Recently, researchers studied playground interactions between children with autism and their peers. They found that peer solicitation—specifically, a child inviting another child to play—can improve reciprocal social interaction among autistic children. The study was published in The Journal of Child Psychology and Psychiatry.
While the children with autism did engage in less play than their typically developing peers, other children facilitated and increased their interactions by making simple requests. The findings show the important role children have in social interaction. It just takes one child to prompt a group of children to interact, whether or not they have autism.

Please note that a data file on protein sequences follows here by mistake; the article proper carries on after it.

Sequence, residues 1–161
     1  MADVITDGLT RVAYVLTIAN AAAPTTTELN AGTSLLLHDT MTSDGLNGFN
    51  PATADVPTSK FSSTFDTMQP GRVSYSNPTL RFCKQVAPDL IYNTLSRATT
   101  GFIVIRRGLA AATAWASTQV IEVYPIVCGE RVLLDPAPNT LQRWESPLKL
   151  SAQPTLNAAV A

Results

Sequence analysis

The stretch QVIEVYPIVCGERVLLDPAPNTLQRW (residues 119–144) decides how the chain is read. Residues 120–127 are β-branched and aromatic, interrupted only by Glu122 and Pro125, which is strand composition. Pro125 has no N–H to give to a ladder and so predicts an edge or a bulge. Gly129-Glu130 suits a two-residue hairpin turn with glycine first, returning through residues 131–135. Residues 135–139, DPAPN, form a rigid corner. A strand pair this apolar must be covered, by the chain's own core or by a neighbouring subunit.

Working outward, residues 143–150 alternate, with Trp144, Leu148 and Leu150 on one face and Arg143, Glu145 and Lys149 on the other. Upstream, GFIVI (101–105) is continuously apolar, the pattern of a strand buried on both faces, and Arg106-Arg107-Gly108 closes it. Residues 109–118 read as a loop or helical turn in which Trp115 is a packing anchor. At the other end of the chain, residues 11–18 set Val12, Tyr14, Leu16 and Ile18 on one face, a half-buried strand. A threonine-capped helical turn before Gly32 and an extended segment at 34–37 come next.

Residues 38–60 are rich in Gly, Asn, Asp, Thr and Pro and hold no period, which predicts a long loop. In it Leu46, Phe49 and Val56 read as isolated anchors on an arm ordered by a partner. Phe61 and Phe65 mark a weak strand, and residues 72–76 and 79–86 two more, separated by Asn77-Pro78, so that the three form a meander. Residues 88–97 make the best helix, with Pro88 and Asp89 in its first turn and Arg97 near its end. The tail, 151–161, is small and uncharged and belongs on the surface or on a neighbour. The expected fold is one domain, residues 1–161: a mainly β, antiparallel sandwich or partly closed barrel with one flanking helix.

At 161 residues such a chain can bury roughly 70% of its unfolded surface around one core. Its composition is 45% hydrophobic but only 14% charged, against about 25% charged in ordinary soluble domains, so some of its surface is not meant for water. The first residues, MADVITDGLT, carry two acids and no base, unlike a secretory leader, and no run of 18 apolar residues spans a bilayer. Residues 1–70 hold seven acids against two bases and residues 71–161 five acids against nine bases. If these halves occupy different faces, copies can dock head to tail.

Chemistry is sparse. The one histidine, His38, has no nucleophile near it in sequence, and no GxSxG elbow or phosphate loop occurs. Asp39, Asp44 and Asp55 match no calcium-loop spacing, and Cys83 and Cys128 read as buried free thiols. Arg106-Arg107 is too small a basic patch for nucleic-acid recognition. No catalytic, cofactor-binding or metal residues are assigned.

Since children on the autism spectrum typically struggle with social skills, the playground can be a confusing and stressful place for them. But the study indicates that, with peer solicitation, they may be able to enjoy playing in groups. Autism can be a very lonely disorder for a child, so these results are encouraging.
If your autistic child is struggling to make friends, contact your Orange County therapist to see if behavioral therapy can help.